A couple weekends ago we had meant to hike up Mineral Fork again but changed our minds at the last minute due to the Big Cottonwood Canyon Marathon that would snarl traffic for the whole morning.  We decided to follow up and hike it this Saturday, trying for another early start.  We didn't manage quite as early as our Butler Fork morning, but we did get our boots on the trail by 7:45 a.m., which is still earlier than most folks - we were the first people parking at the trailhead.  Mineral Fork is a good one to get going early on: once you get up to the top half of the trail, it is completely exposed as it zigzags (or switchbacks, if you prefer) across the bowl, baking in the sun.

We're going up into that bowl, way far away

The first time we did Mineral Fork was over Labor Day weekend a couple of years ago.  This time, at the end of June and after a big thunderstorm had moved through, there was quite a lot of water flowing down the drainage.  You have to cross the creek several times before the trail decides on a bank and simply follows it up the drainage.  An old mining road, the extremely rocky trail (rocky in part because this is one of the only trails in the Cottonwood Canyons that allows dirt bikes) rises steadily.  It was pretty humid (for the high desert) and we were sweating pretty good, despite the cool morning.  We had hoped to see some critters with our early start but all we scared up was a little family of chukars.

Just before hitting all the snow

Once we got out of the trees, we started hitting snow.  At first, we just had to cross patches of the white stuff as we made our way up the innumerable switchbacks crossing the bowl.  As we gained elevation, however, there was more and more of it until finally we gave up trying to stick to the trail and just hacked our way straight up the snow to the trail's end point.  Because of how rocky the walking is, Mineral Fork is not my favorite trail for walking but the views are undeniably spectacular.

A direct line is much more efficient than following the trail

We could see glissading tracks coming down from the ridge above us and H suggested that we scramble up there, take a peek at Lake Blanche and then slide down ourselves.  I was game and we started up, but it didn't take long before the steep and very loose shale underfoot made me chicken out.  Instead we glissaded down from where we were, making it down and out of the snow very quickly by skipping the trail.  The bowl is pretty steep (hence the need for all those dang switchbacks) and I slipped once, sliding on my butt for about eight feet before I could dig my heels in and arrest my fall.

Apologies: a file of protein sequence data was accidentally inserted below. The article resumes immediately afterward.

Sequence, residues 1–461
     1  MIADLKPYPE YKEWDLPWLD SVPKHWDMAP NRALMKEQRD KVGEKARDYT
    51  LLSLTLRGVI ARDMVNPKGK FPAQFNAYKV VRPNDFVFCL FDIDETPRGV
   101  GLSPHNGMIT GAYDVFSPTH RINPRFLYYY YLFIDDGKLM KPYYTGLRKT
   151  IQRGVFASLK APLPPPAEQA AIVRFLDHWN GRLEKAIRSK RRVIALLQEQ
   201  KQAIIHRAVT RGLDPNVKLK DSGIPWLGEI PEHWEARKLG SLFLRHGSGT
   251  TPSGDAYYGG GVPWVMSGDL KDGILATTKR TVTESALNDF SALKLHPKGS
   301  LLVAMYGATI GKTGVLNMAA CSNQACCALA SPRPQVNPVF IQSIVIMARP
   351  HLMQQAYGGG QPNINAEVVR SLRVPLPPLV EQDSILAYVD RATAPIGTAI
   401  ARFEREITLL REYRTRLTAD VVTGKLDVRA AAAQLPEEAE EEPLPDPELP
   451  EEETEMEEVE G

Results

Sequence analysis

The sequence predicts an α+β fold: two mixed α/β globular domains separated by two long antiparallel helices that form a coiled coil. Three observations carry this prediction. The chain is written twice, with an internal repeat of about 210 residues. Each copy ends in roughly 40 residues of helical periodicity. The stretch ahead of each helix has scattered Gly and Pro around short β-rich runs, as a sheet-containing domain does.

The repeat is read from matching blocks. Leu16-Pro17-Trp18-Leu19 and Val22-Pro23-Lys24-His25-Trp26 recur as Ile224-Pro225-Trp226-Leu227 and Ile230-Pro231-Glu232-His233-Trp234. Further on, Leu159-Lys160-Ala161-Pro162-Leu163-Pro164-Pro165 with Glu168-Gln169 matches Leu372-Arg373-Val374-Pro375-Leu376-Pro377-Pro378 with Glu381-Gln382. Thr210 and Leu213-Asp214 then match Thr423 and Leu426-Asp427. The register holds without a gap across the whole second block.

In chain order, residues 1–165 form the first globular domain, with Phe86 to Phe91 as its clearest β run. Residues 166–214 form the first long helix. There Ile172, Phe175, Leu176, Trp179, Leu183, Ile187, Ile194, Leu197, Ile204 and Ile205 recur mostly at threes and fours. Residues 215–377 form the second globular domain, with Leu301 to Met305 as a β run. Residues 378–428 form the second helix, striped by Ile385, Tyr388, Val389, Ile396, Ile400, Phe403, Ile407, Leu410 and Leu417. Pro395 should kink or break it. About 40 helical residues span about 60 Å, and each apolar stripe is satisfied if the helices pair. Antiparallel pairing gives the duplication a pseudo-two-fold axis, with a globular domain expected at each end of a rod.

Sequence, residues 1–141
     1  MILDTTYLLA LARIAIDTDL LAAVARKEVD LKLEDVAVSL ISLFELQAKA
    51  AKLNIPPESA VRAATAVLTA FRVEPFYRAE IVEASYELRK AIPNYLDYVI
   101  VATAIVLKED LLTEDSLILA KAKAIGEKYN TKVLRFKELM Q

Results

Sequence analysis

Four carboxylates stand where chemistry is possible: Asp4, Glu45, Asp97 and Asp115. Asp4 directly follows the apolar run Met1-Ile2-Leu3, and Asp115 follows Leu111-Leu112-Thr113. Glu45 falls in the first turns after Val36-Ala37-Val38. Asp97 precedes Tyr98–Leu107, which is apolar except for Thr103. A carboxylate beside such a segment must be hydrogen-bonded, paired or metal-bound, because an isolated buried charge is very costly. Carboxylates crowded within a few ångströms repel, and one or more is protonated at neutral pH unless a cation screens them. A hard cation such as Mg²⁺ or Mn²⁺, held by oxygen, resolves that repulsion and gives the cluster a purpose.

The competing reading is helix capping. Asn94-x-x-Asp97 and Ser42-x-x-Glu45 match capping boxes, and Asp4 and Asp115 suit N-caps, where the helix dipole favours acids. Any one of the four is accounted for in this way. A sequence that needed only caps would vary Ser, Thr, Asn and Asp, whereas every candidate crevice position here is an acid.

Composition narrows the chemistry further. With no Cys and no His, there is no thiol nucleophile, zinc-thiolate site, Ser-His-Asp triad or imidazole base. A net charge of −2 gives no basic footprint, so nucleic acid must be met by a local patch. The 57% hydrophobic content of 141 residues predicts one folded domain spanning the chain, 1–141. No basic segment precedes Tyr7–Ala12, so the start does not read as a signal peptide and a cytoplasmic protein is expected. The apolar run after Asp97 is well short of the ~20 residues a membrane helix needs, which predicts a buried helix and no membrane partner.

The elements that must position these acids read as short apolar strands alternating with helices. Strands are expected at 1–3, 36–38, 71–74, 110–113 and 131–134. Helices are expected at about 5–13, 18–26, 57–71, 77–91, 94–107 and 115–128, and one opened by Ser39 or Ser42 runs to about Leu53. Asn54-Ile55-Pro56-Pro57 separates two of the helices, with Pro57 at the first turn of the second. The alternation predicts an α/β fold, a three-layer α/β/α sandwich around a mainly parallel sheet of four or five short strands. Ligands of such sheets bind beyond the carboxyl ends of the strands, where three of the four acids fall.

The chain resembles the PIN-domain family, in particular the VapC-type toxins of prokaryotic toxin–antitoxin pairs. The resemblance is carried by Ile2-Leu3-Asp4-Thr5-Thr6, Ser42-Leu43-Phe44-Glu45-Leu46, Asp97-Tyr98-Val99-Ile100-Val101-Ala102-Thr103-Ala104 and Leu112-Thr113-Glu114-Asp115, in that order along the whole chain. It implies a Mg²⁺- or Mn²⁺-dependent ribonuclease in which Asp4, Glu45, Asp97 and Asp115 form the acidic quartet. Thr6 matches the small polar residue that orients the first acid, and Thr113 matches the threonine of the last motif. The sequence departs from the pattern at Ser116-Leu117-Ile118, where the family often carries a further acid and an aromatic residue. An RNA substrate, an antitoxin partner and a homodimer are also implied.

Straight shot

On the way down we stopped for a couple of minutes to talk to some dirt bikers who had brought skis up with them to make a few turns on the remaining snow.  It wasn't that good, what with all the rocks and dirt, but still ... skiing at the end of June.  We continued back down to the car, only running across another ten or so hikers - which is pretty incredible given this trail's proximity to the city.  I don't know whether Mineral Fork is less popular because of the possibility of encountering dirt bikers or because it's so rocky or because the hike is on the longer side (9.1 miles with glissading; 10.03 miles sticking to the switchbacks).  Regardless, it's a gorgeous hike and it's a gift not to have to share it with hordes of people.  Additional hike stats: total time 4 hours 47 minutes, with stoppage time; 6,598 ft. at the start and topping out at 10,244 feet; average speed 2.0 m.p.h., again factoring in stoppage time.

View from trail's end

Coda:  We went up to the Snowbird Cool Air Concert Series Saturday evening to hear the Jaden Carlson Band.  We'd heard them last year - they're slightly different this time around as a more funky jam-band trio - and they're soooooo good.  What's simply incredible is Jaden herself: she's thirteen years old and plays the guitar like, well, a rock star.  She needs to work on her stage presence a little bit but she can make that guitar wail.  If you ever get a chance to see her, do yourself a favor and go; press play on the audio on her website and see if you would have guessed that was a thirteen year-old girl playing.